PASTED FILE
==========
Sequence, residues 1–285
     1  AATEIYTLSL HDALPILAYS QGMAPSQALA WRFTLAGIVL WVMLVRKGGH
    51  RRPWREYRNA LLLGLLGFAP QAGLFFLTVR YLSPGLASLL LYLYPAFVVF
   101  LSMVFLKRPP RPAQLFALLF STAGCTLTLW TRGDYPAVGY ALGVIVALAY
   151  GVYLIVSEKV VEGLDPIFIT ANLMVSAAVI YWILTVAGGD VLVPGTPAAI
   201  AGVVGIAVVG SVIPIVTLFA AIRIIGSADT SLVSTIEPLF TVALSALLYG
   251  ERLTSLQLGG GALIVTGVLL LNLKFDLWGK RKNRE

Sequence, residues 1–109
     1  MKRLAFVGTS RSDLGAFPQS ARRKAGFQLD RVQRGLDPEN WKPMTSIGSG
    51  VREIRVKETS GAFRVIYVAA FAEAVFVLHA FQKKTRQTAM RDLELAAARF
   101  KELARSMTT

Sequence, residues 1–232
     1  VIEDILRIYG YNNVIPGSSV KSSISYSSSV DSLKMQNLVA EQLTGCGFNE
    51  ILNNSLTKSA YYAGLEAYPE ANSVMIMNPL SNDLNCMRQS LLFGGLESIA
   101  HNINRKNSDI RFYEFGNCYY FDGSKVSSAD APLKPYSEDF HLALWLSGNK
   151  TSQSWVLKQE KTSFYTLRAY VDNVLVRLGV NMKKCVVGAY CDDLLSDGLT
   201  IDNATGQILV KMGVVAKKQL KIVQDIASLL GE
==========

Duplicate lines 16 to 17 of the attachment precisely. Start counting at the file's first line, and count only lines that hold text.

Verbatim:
   151  TSQSWVLKQE KTSFYTLRAY VDNVLVRLGV NMKKCVVGAY CDDLLSDGLT
   201  IDNATGQILV KMGVVAKKQL KIVQDIASLL GE